Ludwig nodded. “We need to find him immediately. Michael’s mixed up badly with the CLA.”

Leah’s expression flashed fear, but not surprise. She knew, Ludwig realized with growing dread. What else have I let slip past me?

“I tracked two of them to a safehouse,” he continued. “They’ve got raids and bombings planned, within the day.”

“I’ll gather the Brotherhood.” Leah was fully awake now, her tone determined. “We can still stop them.”

Ludwig shook his head. “The guard will be on the place any moment. We need to keep everyone away from there.”

Her eyes showed horror now. “Ludwig, you didn’t!”

“What choice did I have? We cannot allow another Speiberg!”

Ciach ort!” She whirled on Ludwig with a curse, shoved him from her path and raced for the stairs. “I have to get him out of there!”

“You think he’s there now?” Ludwig righted himself and strode after her. “Stay here; I’ll head over and…”

Cnapán asal!” She threw her weight against a bookshelf, jumped clear as it rebounded and fell, spilling its contents across Ludwig’s path. “You’ve done enough, damn you!” He had to slow to keep his footing among the the tumbled volumes, giving Leah time to scramble up the steep stairs and slam the cellar door from above. He heard the deadbolt slot into place, and realized she had seized his keys as she ran.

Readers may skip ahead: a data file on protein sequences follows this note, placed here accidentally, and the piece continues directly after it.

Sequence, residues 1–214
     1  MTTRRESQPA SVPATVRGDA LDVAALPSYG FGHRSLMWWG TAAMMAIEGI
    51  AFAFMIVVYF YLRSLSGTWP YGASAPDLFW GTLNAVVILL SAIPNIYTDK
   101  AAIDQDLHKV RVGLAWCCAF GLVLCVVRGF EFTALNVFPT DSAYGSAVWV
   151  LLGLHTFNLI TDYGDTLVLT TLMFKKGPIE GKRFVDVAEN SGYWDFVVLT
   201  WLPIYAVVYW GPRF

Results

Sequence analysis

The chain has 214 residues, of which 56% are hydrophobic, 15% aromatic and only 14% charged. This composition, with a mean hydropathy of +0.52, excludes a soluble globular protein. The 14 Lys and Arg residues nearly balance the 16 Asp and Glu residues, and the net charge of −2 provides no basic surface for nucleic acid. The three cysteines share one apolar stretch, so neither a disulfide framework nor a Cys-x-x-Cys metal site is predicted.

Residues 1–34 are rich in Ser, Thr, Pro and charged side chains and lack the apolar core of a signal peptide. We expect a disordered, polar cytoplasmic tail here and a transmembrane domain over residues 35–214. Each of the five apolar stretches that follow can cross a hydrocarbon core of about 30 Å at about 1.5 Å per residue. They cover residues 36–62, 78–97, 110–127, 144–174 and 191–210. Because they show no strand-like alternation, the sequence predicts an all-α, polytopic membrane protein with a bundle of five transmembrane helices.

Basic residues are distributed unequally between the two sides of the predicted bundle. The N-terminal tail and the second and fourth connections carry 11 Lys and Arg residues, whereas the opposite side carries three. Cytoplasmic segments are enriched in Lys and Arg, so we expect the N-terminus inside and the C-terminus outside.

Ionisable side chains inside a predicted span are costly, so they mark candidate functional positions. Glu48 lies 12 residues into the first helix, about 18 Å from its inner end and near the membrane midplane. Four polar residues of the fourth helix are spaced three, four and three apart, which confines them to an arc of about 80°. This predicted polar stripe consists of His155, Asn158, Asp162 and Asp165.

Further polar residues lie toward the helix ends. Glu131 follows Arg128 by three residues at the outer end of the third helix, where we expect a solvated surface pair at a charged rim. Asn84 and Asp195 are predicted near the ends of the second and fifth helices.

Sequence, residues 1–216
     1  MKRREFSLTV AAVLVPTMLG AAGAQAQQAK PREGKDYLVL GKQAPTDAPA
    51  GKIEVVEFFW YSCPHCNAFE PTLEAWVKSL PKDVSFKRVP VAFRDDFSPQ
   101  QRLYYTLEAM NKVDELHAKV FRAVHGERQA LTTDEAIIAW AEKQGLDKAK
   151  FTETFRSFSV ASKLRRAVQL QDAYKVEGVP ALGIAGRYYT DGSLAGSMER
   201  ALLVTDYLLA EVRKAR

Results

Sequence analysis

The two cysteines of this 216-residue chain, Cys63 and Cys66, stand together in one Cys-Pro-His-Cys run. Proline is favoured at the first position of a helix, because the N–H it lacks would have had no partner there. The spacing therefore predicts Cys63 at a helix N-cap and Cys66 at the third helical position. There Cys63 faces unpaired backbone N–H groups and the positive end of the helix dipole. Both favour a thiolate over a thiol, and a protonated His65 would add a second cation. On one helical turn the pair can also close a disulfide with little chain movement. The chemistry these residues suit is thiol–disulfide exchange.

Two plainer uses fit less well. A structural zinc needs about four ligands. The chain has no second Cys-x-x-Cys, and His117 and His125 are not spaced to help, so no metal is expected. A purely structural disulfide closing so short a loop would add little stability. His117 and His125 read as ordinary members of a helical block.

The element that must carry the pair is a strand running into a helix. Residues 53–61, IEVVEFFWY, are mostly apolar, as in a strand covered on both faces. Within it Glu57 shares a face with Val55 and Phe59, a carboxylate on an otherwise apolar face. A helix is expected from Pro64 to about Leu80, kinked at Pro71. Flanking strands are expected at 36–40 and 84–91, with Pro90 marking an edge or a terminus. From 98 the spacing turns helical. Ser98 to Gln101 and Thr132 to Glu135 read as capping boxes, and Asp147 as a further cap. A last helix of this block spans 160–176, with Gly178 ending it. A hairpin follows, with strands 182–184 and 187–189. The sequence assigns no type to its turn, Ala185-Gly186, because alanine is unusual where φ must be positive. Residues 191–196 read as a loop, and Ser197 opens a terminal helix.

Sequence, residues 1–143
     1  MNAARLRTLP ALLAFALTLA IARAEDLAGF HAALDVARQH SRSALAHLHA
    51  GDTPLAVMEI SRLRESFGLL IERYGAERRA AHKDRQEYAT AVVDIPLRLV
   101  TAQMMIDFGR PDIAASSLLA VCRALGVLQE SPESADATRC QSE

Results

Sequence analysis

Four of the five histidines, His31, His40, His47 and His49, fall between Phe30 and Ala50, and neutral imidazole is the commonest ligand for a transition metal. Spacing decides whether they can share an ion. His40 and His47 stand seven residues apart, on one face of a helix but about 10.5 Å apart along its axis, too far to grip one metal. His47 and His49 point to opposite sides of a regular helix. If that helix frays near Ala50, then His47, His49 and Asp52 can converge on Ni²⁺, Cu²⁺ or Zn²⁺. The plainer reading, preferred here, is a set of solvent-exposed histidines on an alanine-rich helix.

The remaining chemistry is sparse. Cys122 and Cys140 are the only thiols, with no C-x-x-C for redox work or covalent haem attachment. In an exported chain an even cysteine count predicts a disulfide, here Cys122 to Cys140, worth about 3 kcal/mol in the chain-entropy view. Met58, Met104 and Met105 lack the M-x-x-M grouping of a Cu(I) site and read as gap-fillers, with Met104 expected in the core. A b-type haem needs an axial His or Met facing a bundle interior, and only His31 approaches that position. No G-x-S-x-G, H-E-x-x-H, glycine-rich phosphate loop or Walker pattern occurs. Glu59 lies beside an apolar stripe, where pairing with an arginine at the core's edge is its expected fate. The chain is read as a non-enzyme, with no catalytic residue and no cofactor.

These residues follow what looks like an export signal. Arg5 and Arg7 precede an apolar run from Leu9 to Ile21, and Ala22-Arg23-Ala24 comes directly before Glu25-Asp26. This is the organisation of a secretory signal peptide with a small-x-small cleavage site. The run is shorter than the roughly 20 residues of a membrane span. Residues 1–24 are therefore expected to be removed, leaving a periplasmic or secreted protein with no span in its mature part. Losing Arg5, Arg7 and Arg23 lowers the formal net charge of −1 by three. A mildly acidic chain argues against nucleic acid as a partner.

Ludwig did not bother to attack this door as he had Michael’s; the lab was constructed to far higher standards than the rickety sleeping quarters above the Clinic. They kept duplicate keys stashed throughout the room, though, precisely to assure no one would be locked in. Along with a spare door key, he retrieved his medical bag and his old service revolver, still oiled and well maintained though he had not carried it in years.